Nigel Slater: Come what May

'Be Prepared,' say the boy scouts, but it might as well be the motto of anyone cooking a meal in the month of May. Today I had lunch in the garden (buffalo mozzarella, tomatoes from the Isle of Wight and peppery basil from Italy), but by dusk I was looking for my fleece jacket and regretting my decision to have just a bit of fish and some fennel for dinner. A warming stew would have been more like it.

This unpredictable month can exasperate or challenge, depending on the mood you are in. The only sure-fire thing in the kitchen is local asparagus. Once ranked alongside caviar and lobster, a bunch of locally grown spears now costs little more than a bag of frozen peas. At this point you will be paying £2 a bunch, but by the end of the month it could be down to half that.

If you stick to the short May- June season of the locally grown spears, familiarity will never breed contempt. Whether you boil it in deep salted water and dip it in butter softened on the back of the stove, or grill it with olive oil and a grating of Parmesan, asparagus can never seem anything but the most sensuous vegetable on earth. Dip it into a pot of golden hollandaise or toss it in chopped red chillies and oyster sauce: it is always the ultimate vegetable. Pity that the methionine it contains makes your pee smell.

Those who cannot face the terrible trauma that is making hollandaise sauce might prefer to dip their asparagus in the molten centre of a soft-boiled egg. Lower the eggs into a separate pan of boiling water once the vegetable has been cooking for 7 or 8 minutes.

It should be ready by the time the stalks are tender to the point of a knife. If you really like eggs, hunt out a duck egg, with its stronger flavour. Farmers' markets and butchers have them now - a beautiful ivory white or pale blue, and half as big again as a hen's.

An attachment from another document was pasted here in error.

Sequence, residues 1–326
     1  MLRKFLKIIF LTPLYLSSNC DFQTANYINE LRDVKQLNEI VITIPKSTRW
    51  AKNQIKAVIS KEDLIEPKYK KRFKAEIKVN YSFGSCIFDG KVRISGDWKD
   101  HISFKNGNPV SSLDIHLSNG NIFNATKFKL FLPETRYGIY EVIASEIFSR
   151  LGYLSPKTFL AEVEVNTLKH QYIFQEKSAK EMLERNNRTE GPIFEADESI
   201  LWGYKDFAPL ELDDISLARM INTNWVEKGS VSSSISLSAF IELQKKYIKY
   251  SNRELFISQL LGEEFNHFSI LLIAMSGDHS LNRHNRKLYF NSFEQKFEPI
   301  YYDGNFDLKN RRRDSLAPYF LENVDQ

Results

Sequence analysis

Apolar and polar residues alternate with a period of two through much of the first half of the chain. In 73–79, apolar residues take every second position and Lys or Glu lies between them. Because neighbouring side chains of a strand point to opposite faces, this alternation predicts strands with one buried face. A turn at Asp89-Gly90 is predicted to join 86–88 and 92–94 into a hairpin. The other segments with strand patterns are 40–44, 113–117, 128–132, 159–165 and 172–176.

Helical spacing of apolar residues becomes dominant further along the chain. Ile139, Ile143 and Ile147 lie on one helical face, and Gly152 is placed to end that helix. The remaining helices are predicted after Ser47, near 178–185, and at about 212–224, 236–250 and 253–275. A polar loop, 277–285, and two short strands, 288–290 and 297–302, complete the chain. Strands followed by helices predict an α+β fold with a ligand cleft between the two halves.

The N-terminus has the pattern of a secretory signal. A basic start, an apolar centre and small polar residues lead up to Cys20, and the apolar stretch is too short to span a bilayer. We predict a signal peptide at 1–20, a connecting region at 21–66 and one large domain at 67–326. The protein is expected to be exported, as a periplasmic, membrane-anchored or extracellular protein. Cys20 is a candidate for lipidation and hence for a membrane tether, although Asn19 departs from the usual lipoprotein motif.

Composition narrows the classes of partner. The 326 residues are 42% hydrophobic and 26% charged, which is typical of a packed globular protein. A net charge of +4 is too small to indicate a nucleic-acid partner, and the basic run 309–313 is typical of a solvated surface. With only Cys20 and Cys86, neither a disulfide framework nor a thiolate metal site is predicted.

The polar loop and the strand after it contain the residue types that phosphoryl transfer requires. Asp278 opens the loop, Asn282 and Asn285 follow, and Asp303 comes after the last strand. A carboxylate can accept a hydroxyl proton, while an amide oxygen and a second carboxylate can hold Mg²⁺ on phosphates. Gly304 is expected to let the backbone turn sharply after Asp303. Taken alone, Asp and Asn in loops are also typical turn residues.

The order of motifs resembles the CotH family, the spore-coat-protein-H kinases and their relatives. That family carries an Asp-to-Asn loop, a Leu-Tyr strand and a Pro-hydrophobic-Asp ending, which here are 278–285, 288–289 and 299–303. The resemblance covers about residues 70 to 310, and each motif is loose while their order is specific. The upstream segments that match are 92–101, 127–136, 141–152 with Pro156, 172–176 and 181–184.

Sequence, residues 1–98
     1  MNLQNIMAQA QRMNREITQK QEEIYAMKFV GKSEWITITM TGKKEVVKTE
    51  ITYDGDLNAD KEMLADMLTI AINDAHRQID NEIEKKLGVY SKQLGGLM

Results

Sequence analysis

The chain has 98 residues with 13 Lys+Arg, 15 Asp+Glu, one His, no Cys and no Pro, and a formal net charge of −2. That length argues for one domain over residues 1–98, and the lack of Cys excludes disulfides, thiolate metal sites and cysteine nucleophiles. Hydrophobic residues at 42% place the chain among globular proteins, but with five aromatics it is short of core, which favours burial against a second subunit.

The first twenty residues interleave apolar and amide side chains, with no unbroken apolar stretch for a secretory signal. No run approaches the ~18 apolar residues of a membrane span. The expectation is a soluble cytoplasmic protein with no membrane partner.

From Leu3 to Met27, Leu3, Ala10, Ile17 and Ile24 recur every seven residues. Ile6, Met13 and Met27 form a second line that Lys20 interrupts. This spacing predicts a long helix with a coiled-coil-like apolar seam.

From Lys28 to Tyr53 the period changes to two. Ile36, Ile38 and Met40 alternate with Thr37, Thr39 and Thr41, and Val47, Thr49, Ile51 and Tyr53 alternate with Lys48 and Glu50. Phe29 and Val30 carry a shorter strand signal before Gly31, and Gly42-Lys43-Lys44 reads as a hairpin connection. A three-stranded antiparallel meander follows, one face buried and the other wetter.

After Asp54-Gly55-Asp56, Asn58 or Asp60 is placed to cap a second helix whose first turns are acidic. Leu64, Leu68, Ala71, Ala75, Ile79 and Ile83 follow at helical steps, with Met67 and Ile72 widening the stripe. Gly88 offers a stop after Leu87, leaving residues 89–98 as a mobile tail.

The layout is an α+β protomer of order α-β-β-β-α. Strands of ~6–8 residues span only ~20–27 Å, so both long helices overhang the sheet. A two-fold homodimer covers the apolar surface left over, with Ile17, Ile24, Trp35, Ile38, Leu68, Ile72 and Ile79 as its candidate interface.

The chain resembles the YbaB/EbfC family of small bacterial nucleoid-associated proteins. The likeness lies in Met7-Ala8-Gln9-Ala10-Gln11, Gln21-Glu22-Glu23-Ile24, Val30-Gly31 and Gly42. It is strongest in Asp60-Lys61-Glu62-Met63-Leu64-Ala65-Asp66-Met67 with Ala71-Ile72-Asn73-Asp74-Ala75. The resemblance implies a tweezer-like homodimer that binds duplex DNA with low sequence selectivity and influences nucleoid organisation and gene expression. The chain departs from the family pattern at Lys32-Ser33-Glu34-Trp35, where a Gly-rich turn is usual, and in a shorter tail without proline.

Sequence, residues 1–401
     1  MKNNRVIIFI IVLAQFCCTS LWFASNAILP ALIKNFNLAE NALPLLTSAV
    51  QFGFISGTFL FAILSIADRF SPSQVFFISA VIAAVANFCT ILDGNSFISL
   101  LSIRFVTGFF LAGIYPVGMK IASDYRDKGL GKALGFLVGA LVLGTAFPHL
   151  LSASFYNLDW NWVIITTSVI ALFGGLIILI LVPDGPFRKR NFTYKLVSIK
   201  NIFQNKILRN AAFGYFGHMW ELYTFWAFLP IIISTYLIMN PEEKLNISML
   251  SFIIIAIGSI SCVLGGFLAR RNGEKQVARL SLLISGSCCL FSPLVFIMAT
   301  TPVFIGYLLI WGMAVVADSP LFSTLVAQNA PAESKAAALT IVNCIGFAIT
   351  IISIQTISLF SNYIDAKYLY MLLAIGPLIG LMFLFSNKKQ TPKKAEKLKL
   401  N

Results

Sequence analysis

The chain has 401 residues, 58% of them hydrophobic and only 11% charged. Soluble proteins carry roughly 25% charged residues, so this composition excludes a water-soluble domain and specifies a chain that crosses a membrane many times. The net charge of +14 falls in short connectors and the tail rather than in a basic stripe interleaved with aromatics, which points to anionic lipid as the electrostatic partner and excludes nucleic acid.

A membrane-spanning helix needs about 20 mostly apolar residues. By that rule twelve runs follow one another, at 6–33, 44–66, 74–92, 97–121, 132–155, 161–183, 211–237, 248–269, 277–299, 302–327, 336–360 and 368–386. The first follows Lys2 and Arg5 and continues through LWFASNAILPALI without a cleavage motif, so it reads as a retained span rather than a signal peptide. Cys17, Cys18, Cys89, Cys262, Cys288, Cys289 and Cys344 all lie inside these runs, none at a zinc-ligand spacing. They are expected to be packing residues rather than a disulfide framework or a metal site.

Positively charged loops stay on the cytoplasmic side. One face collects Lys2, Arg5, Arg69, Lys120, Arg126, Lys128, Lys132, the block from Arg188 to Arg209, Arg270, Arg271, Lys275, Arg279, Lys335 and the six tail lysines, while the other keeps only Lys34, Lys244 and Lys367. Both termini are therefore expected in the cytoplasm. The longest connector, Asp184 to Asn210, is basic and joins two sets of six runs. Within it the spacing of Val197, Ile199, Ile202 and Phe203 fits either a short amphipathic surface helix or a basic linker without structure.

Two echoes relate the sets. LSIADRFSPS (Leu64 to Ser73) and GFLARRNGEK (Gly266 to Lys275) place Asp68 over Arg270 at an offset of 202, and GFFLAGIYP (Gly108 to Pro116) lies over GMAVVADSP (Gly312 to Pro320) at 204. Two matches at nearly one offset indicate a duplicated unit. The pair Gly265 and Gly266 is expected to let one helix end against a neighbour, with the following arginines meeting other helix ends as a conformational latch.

So whose daft idea was it to mess around with mustard and cress? Grown as it was 20 years ago, roughly 50/50 of each seed, there was quite a bite to its delicate, pointed leaves. That bite was the point of the stuff and gave a pleasing kick of heat to a summer sandwich of cool cucumber and soft, fresh white bread. Sainsbury's Salad Cress (for instance) is a shadow of the real thing, containing a pathetic 5 per cent mustard and 10 per cent cress. The other 80 is bland rapeseed. In other words, mustard and cress for people who don't actually like mustard or cress. The real stuff, peppery and perky, is available from farm shops and farmers' markets.

Globe artichokes are enough to test anyone's patience. Order one in a restaurant and you are left plucking and sucking while everyone else is drumming their fingers. Much as I love their flavour, I get a bit bored halfway through a big French one. The small Italian ones are easier to manage. You eat pretty much the whole thing. Now they are about 50p a pop and, like asparagus, need to be rushed to the pot as soon as you get them home. They keep better cooked than raw, rubbed with olive oil and put somewhere cool.

Talking of awkward vegetables, there are some pink-shouldered young turnips about. They tempt, you buy them, then full of fine intentions you get them home. You then forget about them till the leaves have wilted and you can't think why you bought them. There should be an exquisite recipe somewhere for this beautiful, scorned root vegetable. The nearest I get to it is to cut them into quarters, toss them with melted butter, a splash of olive oil, and salt and black pepper. I then roast them for 15-20 minutes till they caramelise around the edges. Not bad with pink ham and the last of the purple sprouting.